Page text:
The city of Ann Arbor filed a lawsuit against Pall Life Sciences
Wednesday in the Washtenaw County Circuit Court asking that the
company pay damages for contaminating a water supply well.

Ann Arbor Water Utilities Director Sue McCormick said in a press
release that in 2001, the city discovered one of its water supply
wells contained trace amounts of the 1,4 Dioxane chemical during
routine testing.

The chemical was used as a manufacturing solvent at Pall Life
Sciences’s plant and was disposed of in uncontained lagoons.
These lagoons are not lined with sealants to isolate the chemicals
from surrounding water. The 1,4 Dioxane leaked from a lagoon into
the well.

“We are searching for alternatives to the well,”
McCormick said. “Those alternatives are going to cost money.
Pall should shoulder those costs, not Ann Arbor’s

The city is recommending that Pall pay for a double-lined
pipeline that will treat water containing the chemical and move it
to the Huron River.

McCormick added that although the long-term future is
threatened, the municipal water is safe for all uses.

“Our water meets all published environmental and health
standards,” she said.

The well, which was used mainly during the winter season to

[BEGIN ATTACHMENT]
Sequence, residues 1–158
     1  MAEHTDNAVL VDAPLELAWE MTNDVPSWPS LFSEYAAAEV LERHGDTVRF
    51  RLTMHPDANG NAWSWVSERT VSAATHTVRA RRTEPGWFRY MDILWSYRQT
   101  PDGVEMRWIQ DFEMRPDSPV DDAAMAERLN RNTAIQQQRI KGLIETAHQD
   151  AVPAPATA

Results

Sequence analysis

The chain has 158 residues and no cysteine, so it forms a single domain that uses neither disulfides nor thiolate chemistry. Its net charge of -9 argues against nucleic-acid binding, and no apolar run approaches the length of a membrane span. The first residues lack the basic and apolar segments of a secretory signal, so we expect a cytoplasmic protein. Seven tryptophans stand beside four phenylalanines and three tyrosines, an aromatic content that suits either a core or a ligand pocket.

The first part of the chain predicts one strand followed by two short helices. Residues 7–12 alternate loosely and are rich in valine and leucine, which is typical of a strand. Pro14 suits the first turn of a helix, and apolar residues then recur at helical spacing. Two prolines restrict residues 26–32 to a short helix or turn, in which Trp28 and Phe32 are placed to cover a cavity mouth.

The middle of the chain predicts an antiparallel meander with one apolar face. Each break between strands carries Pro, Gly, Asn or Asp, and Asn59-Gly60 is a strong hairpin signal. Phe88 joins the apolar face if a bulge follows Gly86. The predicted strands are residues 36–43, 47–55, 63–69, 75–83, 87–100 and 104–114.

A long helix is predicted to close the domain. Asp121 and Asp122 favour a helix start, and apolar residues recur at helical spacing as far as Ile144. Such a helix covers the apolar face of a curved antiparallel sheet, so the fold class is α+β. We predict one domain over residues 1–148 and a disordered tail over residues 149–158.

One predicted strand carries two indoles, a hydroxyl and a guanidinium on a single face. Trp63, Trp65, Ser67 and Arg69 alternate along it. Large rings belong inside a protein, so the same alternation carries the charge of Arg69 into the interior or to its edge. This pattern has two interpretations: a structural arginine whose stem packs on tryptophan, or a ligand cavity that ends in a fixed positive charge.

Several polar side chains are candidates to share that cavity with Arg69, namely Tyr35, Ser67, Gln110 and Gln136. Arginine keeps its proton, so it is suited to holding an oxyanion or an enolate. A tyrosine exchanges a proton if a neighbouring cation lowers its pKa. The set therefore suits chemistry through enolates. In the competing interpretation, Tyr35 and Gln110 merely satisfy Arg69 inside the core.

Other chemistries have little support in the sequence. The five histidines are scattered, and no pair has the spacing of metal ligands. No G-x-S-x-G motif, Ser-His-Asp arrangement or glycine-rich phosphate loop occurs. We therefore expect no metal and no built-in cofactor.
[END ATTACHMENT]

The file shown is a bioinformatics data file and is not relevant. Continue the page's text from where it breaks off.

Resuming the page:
balance the temperature of the water, has not been used since the
chemical was discovered.

The Unit E toxic plume — the measurable discharge of the
regulated chemical 1,4 Dioxane — was discovered two years
ago. City officials say that it is currently 18 million square feet
and still growing.

Pall Life Sciences is part of the Pall Corporation, which is one
of the world’s largest manufacturers of water purification
equipment and filters. On its website, the parent company reports
that its annual sales are about $1.6 billion.

The Pall Corporation website states that its customers have
“a common enemy” in contamination and the company seeks
to “ensure product purity.”

“Unchecked, contamination is potentially dangerous and
always costly,” the website states.

Other plumes that were previously discovered have spread west
and northwest, contaminating residential drinking water wells in
the Westover and Evergreen subdivisions and parts of Scio Township.
Some water users had to rely on bottled water until they were
connected to Ann Arbor water lines.

In 1988, the Michigan Department of Environmental Quality filed
a separate lawsuit against Pall Life Sciences. That suit resulted
in a court order in 2000 by Washtenaw County Circuit Court Judge
Donald Shelton for Pall to stop the underground contamination by
July 2005.

Matthew Naud, Ann Arbor environmental coordinator, said the
existing MDEQ lawsuit is different from the lawsuit filed by the

“The goal of the MDEQ is limited to forcing Pall to live
up to state of Michigan environmental standards,” he said in
a written statement.

“In contrast, Ann Arbor’s lawsuit seeks compensation
for damages Pall’s contamination has caused to Ann

Naud added that the city’s lawsuit also seeks a court
order requiring Pall to provide a clean replacement for the
contaminated water supply well.

Pall Life Sciences and city officials were unavailable for

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